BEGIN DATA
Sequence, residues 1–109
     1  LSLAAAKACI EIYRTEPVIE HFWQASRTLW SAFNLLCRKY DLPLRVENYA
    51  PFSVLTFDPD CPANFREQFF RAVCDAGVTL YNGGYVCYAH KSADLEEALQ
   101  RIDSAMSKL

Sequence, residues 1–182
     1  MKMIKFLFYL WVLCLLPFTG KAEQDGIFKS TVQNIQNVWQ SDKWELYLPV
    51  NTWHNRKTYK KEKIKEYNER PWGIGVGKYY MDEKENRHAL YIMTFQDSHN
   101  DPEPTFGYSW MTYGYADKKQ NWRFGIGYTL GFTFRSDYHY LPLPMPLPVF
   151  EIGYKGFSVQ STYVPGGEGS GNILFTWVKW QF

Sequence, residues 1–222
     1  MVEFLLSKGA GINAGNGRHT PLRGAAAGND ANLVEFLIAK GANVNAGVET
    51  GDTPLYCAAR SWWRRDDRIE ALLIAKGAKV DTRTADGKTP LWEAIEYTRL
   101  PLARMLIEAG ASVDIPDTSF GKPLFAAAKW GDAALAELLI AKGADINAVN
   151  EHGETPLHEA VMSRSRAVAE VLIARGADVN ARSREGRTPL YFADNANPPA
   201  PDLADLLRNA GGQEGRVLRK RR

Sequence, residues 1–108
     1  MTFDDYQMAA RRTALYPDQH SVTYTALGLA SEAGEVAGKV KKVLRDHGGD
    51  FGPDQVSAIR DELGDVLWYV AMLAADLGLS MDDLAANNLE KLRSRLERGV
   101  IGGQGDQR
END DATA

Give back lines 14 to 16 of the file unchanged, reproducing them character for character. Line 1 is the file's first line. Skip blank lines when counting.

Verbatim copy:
   151  EHGETPLHEA VMSRSRAVAE VLIARGADVN ARSREGRTPL YFADNANPPA
   201  PDLADLLRNA GGQEGRVLRK RR

Sequence, residues 1–108